News

ACMA reports on Australians’ online video use

no
Show on home page

The Australian Communications and Media Authority (ACMA) has issued a report which looks at the different ways that Australians are viewing TV programs, with the catch-up TV services being particularly popular. This highlights the need for captioning on these services.

Man sitting back on couch with hands interlocked behind his head, watching TV. Image credit:  D.Reichardt, Flickr


Top of page

Audio description app trialled in the UK

no
Show on home page

The Royal National Institute of Blind People (RNIB) has commenced a trial of a new app designed to deliver audio description for programs on video-on-demand services.

MovieReading logo

The app was developed by the Italian company Universal Multimedia Access, which also created the MovieReading app. This allows a caption file for a movie to be downloaded to a user’s smartphone or tablet, so that the captions can be watched as the movie screens in a cinema.

Digital media and technology: 

Top of page

Coles web accessibility case settled

no
Show on home page

The case against grocery retailer Coles, for the alleged inaccessibility of its online shopping service, has been settled.

Miniature shopping cart resting on a laptop keyboard. Image credit:  Tim Reckmann, Flickr

Digital media and technology: 

Top of page

Harvard & MIT sued over lack of captions

no
Show on home page

Harvard University and the Massachusetts Institute of Technology (MIT) are being sued for the alleged discrimination against people who are Deaf or hearing impaired by failing to caption the videos they provide online, such as in the universities’ popular Massive Open Online Courses (MOOCs).

Exterior shot of Harvard's Harry Elkins Widener Memorial Library, students walking around nearby


Top of page

Canadian cinemas commence autism-friendly movie sessions

no
Show on home page

One of Canada’s largest entertainment companies, Cineplex Entertainment, has announced the introduction of a movie screening program for people with autism spectrum disorders and their families.

Interior shot of a large, empty movie theatre. Image credit: m4tik via Flickr


Top of page

Senate committee reports on proposed captioning changes

no
Show on home page

The Senate committee which reviewed the Government’s proposed amendments to the Broadcasting Services Act, including changes to the captioning provisions, has issued its report. It has supported all but one of the proposed changes, including an end to the requirement that free-to-air networks need to make annual captioning compliance reports. The only amendment it has rejected is the cancellation of a scheduled review by the Australian Communications and Media Authority (ACMA), although it recommends this be delayed by three years.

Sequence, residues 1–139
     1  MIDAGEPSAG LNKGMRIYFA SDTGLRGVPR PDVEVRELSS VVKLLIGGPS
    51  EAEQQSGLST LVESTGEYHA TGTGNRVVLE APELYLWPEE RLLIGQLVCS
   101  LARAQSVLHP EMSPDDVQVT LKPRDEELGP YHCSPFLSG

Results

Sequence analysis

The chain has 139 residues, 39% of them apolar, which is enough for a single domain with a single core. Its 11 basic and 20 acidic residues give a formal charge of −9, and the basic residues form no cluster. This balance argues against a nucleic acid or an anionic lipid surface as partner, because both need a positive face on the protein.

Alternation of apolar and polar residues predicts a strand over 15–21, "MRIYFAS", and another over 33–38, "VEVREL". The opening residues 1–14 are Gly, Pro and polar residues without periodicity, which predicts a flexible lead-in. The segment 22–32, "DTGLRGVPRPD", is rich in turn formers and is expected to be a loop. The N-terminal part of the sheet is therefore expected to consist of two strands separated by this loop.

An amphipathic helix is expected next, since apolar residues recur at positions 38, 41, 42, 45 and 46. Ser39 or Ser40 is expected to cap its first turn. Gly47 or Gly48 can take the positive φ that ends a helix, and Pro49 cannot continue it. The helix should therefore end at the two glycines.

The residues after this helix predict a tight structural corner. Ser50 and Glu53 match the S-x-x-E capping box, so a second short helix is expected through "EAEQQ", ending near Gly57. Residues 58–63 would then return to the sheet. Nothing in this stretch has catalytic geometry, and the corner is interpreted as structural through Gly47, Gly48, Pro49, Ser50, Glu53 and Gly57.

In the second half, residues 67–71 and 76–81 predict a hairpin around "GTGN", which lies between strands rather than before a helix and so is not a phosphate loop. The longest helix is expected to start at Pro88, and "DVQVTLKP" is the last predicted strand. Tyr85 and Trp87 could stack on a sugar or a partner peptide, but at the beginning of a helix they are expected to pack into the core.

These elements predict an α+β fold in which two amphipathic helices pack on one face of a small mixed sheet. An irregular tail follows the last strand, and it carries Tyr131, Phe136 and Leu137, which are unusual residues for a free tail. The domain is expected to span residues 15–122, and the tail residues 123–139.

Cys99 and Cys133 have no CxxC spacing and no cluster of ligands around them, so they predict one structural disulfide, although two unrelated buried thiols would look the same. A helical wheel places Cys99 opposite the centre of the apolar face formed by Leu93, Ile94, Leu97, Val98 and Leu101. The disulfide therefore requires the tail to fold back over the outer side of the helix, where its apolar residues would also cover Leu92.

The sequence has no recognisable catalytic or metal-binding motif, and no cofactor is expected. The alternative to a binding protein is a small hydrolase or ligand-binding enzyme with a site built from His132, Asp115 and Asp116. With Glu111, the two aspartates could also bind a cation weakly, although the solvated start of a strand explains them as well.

Fine tip pen resting on a printed document


Top of page

Think ‘Smart’ – IEP goals for access

no
Show on home page

Part of the core work for teachers is to create learning goals for their students, on a class and at times individual basis. It is imperative that teachers include goals for all students in regard to access to media and technology, to ensure access to the curriculum.

Young boy in a classroom pressing down on a tablet device

Digital media and technology: 

Top of page

YouTube admits automatic captions have a way to go

no
Show on home page

Google’s YouTube has admitted that it needs to work harder to provide better quality automatic captions for content uploaded to its video streaming service.

YouTube logo on a frame of a filmstrip

In comments made to the BBC, YouTube said that, while it believed having automatic captioning for video content was better than have no captioning at all, there was still plenty of room for improvement.


Top of page

YouTube embraces HTML5

no
Show on home page

The accessibility of Google’s YouTube video service looks set to improve thanks to the recent decision by the internet giant to abandon Adobe’s Flash technology in favour of the fifth and final version of the Hyper Text Markup Language, HTML5.

HTML 5 logo

In a recent blog post, YouTube Engineering Manager Richard Leider wrote that this was largely due to a maturing of HTML5—a core technology underpinning the web, and as at late 2014, an official Word Wide Web Consortium (W3C) Recommendation.


Top of page

Web accessibility is everyone’s responsibility

no
Show on home page

As anyone familiar with the web accessibility space will have noted, discrimination complaints against companies who do not make their websites and online services accessible to people with disabilities appear to be on the rise.

Word cloud comprised of several key terms relating to web accessibility. Image credit: Jil Wright, Flickr


Top of page

Pages

Subscribe to RSS - News